The day I met Chetan - the trials and tribulations of IIT
Hopping on the Mewar Express back to Delhi is usually an adventurous experience. Every other passenger is keen to ascertain where I am from: “from which country you?” and why I am here. However, last week when I got on the train, a slightly intimidating bunch of teenage guys from the next berth were being untoward and annoying, and repeatedly proposing marriage. My saviour came in the form of a charming, well-spoken and evidently intelligent boy named Chetan. From Mumbai, but pursuing his sixth form equivalent in Kota, Rajsathan, he had impeccable English, which he told me that he had learned in his Catholic Convent school, and respectfully (though slightly worryingly given my twenty four years!) called me Auntie. After my ranting and raving about the ways of some of the young men in this country, Chetan inspired in me a renewed confidence in my attitude towards the boys of India. He asked me politely what I was doing in India, working, studying or traveling and enquired without being impertinent about my life.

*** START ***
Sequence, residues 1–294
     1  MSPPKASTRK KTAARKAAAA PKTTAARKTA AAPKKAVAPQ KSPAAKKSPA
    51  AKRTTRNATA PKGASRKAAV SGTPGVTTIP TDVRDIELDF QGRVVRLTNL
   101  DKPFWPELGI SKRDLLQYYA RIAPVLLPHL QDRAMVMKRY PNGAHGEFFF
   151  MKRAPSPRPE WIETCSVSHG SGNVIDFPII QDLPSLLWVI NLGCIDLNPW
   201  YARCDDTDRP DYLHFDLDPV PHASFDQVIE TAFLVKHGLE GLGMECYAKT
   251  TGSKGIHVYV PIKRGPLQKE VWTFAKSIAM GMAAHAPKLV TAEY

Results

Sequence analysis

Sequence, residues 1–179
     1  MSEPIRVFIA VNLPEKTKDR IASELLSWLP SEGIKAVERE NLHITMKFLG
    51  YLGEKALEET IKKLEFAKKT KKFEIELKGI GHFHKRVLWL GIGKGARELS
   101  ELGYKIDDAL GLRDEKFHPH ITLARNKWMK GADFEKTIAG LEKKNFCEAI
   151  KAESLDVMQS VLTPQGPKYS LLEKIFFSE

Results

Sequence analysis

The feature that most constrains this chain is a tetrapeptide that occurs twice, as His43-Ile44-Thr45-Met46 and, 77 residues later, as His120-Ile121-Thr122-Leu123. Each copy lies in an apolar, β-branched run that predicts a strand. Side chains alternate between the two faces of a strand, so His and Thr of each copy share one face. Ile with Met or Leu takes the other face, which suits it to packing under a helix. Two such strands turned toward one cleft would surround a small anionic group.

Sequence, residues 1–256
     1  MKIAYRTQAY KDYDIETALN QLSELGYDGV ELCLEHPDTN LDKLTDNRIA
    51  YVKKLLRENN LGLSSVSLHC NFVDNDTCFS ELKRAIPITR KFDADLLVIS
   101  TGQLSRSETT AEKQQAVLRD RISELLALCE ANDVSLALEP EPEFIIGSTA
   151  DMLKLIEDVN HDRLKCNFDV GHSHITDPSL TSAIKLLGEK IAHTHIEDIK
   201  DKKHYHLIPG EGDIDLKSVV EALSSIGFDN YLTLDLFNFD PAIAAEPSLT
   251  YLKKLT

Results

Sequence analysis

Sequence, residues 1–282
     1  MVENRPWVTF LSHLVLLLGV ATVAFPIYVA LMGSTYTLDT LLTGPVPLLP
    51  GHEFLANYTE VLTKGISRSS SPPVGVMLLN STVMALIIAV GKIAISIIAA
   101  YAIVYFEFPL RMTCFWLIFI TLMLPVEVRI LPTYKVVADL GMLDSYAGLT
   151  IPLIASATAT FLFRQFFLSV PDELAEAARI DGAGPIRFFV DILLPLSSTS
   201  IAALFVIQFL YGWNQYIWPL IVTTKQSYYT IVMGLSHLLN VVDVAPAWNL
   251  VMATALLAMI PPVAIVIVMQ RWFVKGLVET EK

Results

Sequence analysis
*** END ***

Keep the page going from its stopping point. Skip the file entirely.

He told me that he was on the way home from sitting his IIT exams, something he was clearly nervous about, and that he was now awaiting the results. The IIT, the Indian Institutes of Technology, are a group of autonomous engineering institutes all over the country and admission is extremely sought after. What followed opened my eyes to the experience of education amongst the young here. He told me that his older brother had tried to gain entrance to the same institutes four years previously and sadly failed to gain admission to the prestigious colleges. The tragic result had been that Chetan’s older brother committed suicide. Chetan told me that the familial pressures had simply been too much and his brother had panicked on results day and taken his own life. He did though continue to tell me, in a thoroughly refreshing and I suppose very mature manner, that good things had come of this for his family. He and his other brothers have now been repeatedly told by their elders that there are and should be alternatives to such competitive higher education options and the traditionally revered career options of medicine, law or engineering, which in some families appear to be the be all and end all of life. With some 14 lakh students applying for just 75,000 places yearly, his attitude naturally reassured me somewhat. He has been encouraged to follow his dreams and not the crowd. I proceeded to jokingly mention something about my English Literature degree and it potentially being worthless in the vocational sense. He self-assuredly corrected me and instructed me, ‘Nothing is worthless, every life experience has worth". I liked Chetan and chatted to him for a delightful couple of hours. As we sat there, half of the aforementioned idiotic ogglers continued to eve-tease and snigger, and generally bugged us incessantly. I sincerely hope that young men as intelligent, honest and engaging as Chetan are able to motivate this country in the direction it needs to go.